Difficult questions

JH’s comment gives me food for thought. Herndon’s books have inspired me to take another look at what I’m aiming for in my autonomy class and why. On the other hand, it’s also a can of worms – opening up some issues I’d rather not think about because they complicate the picture.

Herndon did not believe in maintaining order in the classroom for the sake of maintaining order. He apparently wasn’t like most people who simply feel more or less uneasy when faced with a number of younger people who either don’t follow orders or don’t behave as expected. Herndon wrote about his ability to wait, to give young people (and himself) room to grow and develop on their own, not a reaction to what an adult is doing to them, nor something they are coerced into.

However, JH’s comment raises more questions: what if imposing order isn’t just for its own sake but vital for the safety of the students themselves or the teacher him/herself? What if, by not imposing order and allowing the students to “walk all over you”, you thereby demean yourself in your own and in students’ estimation? Possibly jeopardizing your job, or at the very least making your own job much more difficult? Why did JH feel forced into a type of teaching he did not believe in? Is this inevitable? Is it OK for a teacher to teach in a way he or she believes is right even though it may not be to the students’ advantage? What does JH mean by “best for the circumstances”? Am I prepared to teach in a way I do not believe in if the circumstances demand it (e.g. if the administration or students themselves were to insist on it)? What if a particular way of teaching, say a Socratic approach, irritates the majority of students (at least initially)? If the teacher is aiming at the students’ growth in the long term, is he/she justified in pursuing this approach in the face of student resistance? And to present the other side of that coin, is an approach justified if the students are perfectly satisfied with it, even though they may not be learning very much? (I remember a study was done on these lines once, which demonstrated that a language school run on certain principles was very popular amongst students, even though a variety of test scores showed very few students learnt anything meaningful or made any significant linguistic progress there.)

2 thoughts on “Difficult questions”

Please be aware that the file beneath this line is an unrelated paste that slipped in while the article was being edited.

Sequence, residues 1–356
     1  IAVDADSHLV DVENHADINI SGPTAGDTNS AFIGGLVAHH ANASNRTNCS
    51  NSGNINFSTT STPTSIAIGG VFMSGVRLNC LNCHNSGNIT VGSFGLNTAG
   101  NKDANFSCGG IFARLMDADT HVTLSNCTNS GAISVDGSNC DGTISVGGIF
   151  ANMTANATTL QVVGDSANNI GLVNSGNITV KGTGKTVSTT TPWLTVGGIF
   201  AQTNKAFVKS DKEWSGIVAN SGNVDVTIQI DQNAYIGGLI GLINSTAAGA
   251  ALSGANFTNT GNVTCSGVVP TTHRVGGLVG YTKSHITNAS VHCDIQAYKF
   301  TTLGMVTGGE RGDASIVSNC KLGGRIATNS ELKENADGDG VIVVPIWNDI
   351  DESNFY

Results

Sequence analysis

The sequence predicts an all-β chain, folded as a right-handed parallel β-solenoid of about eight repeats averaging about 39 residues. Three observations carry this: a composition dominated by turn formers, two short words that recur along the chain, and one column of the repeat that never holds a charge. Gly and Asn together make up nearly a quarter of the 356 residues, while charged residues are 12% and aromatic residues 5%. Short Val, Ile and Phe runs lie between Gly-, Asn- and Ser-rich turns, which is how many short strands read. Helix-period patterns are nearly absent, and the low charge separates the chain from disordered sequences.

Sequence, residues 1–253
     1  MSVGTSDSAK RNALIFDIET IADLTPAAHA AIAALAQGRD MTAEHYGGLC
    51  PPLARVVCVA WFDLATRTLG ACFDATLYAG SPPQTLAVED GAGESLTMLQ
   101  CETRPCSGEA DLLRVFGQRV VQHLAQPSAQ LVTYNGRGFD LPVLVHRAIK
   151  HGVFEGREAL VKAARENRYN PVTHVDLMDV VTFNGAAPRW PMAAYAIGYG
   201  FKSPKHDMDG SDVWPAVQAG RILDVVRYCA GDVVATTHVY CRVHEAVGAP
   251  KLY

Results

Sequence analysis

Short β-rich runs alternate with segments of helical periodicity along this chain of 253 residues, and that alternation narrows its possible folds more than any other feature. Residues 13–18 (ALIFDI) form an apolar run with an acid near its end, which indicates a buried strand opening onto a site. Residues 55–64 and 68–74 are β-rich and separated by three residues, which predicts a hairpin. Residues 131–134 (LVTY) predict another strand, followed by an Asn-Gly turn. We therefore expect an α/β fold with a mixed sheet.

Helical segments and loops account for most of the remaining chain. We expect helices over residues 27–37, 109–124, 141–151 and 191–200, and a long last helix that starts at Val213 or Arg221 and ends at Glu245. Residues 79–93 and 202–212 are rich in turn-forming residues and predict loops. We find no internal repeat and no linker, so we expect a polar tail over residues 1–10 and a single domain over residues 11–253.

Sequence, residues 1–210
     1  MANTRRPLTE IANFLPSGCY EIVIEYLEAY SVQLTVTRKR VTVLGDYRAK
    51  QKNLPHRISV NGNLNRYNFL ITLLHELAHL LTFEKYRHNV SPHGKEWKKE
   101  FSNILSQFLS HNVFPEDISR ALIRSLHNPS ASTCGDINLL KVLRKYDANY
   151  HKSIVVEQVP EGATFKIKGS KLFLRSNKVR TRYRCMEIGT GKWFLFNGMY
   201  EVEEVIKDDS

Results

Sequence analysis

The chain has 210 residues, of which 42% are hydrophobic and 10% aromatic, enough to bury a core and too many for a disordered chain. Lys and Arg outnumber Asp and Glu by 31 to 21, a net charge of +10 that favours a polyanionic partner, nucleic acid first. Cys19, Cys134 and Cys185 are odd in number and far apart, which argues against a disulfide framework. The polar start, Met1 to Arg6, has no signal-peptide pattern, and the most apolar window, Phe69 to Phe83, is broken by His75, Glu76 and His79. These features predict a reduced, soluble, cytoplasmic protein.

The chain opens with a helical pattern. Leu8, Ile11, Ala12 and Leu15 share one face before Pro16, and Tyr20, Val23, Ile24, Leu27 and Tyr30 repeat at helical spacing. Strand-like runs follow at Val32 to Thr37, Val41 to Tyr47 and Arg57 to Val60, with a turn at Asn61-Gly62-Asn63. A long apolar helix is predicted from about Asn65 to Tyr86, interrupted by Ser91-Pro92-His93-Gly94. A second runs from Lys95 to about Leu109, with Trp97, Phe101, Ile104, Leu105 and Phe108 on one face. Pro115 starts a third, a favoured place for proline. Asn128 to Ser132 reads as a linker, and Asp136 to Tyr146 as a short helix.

1. Hi Marco,
    Greetings from California where I am currently playing hooky.
    Thanks for raising some interesting issues concerning my comment.
    I would like to talk about the “circumstances” I mentioned.
    For my students, the best use of their time was for them to either listen to their teacher if the content was helpful for their entrance examinations or do other entrance exam study in class if it was not worth it. When I tried group work with them, it was considered useless. Group work also did not allow them to study individually so they might as well just socialize. When I did my lecture style classes, even the rebels in the class would sit and work quietly on something. So when I did a lecture-styled class the students did SOMETHING. They either listened to me or STUDIED on their own.

    Students in the high school were taking about 11 different classes where they simply sat and listened to the teacher. One English class that was meeting twice a week and being taught by a part-time teacher who spent no time at the school aside from the few classes he taugh was not going to change students’ beliefs about langage learning.

    That was four years ago when I was essentially a rookie teacher. As I now have a little more experience, if I had to do it all over again, I would not do things the exact same. As Aaron mentioned, I have learned that a class should be started using a teaching style that students are comfortable with and that change should be introduced moderately and gradually.

  2. Good questions Marc. I think, as an educator, you have to start where the students are. In order to know where they are, you have to have some experience combined with a certain sensitivity. From there, you start teasing them toward a more autonomous approach. For some groups of students, the starting point is a teacher-centered, highly structured environment. I also wonder whether pulling out all the scaffolding and forcing them to take over is the most responsible approach in the kind of institutional settings in which we work?

Leave a Reply

Your email address will not be published.